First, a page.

India slams Erdoğan for Kashmir remarks at UN
(Updates with Republic World comments)
India lambasted remarks by Turkish President Recep Tayyip Erdoğan on Kashmir during his speech to the United Nations General Assembly (UNGA).
Erdoğan's comments "constitute gross interference in India’s internal affairs and are completely unacceptable,” T S Tirumurti, India’s permanent representative to the U.N., said in a tweet on Wednesday.
"Turkey should learn to respect sovereignty of other nations and reflect on its own policies more deeply,” he said.
We have seen remarks by President of Turkey on Indian UT of Jammu & Kashmir. They constitute gross interference in India’s internal affairs and are completely unacceptable. Turkey should learn to respect sovereignty of other nations and reflect on its own policies more deeply.— PR UN Tirumurti (@ambtstirumurti) September 22, 2020
During a general debate at the U.N., Erdoğan said the topic of Jammu and Kashmir remained a “burning issue”, and that a resolution was important to stability and peace in the region.
“Steps taken following the abolition of the special status of Jammu-Kashmir further complicated the problem,” the Turkish president said in a pre-recorded video message. He also called for the matter to be resolved through negotiation.
The Indian-Pakistani dispute over Kashmir has led to several conflicts since the countries’ partition in 1947. The Indian government withdrew the autonomy of Kashmir in August last year, shutting down internet access in the region and detaining activists and politicians.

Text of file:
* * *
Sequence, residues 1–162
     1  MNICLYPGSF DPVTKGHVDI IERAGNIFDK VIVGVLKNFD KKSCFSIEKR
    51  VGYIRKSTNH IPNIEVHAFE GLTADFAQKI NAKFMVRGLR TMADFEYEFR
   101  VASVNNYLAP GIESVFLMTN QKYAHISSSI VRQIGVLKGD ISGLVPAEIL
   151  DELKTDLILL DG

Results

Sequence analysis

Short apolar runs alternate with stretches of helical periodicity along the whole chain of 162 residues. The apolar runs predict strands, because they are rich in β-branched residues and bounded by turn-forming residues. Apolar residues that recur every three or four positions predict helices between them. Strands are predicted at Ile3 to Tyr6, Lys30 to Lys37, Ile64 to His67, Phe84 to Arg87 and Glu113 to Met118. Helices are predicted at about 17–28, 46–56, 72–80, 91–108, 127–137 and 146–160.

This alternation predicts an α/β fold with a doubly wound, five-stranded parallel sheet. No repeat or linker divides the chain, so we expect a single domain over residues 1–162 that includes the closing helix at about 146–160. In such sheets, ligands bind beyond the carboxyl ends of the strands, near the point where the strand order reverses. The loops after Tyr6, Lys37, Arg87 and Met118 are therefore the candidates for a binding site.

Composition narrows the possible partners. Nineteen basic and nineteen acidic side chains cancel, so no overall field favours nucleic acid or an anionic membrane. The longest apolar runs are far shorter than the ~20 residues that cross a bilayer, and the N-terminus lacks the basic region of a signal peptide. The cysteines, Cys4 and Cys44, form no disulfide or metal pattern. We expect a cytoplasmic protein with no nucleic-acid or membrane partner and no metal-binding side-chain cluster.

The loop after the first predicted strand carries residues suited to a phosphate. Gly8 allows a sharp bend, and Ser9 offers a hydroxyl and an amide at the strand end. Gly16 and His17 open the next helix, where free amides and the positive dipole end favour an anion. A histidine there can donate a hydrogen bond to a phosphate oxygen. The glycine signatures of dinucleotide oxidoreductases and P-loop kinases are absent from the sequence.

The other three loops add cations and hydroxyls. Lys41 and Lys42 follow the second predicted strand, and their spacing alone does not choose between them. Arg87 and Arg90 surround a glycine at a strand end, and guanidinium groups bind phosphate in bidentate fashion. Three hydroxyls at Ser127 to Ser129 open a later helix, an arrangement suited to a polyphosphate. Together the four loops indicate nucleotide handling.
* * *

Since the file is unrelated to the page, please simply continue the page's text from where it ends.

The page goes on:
Erdoğan, an outspoken critic of Indian policy toward Kashmir, said during a speech at the Pakistani parliament in February that resolving the future of the occupied region was of similar importance to Turkey’s own war of independence early last century.
The strategic relationship between Turkey and Pakistan has strengthened in the last few years, and Erdoğan has been bringing up the Kashmir issue at international gatherings.
Turkey and Pakistan have close defence links, with the countries participating in joint naval exercises in the eastern Mediterranean, where Turkey is embroiled in energy disputes. The two countries inked a dual citizenship deal last year.
Islamabad has also signed up to buy 30 Turkish ATAK helicopters by next year, the two countries are jbuilding a 17,000-tonne tanker in pakistan’s southern port city of Karachi, and Turkey is supplying the Pakistani navy with four corvettes in a multi-billion dollar deal hailed as the biggest ever for the Turkish defence industry.
One of the reasons behind Erdoğan's support for Islamabad is Ankara's interest in launching its own nuclear arms programme, Indian news website Republic World said on Wednesday.
Erdoğan increasingly sees Pakistan, one of the nine countries in the world that owns nuclear weapons, as a potential partner for Turkey’s possible attempts to acquire a nuclear capability, it said.
Erdoğan signalled his interest in acquiring nuclear weapons in a speech to the UNGA last year, wheh he said weapons of mass destruction should be forbidden or allowed for all countries.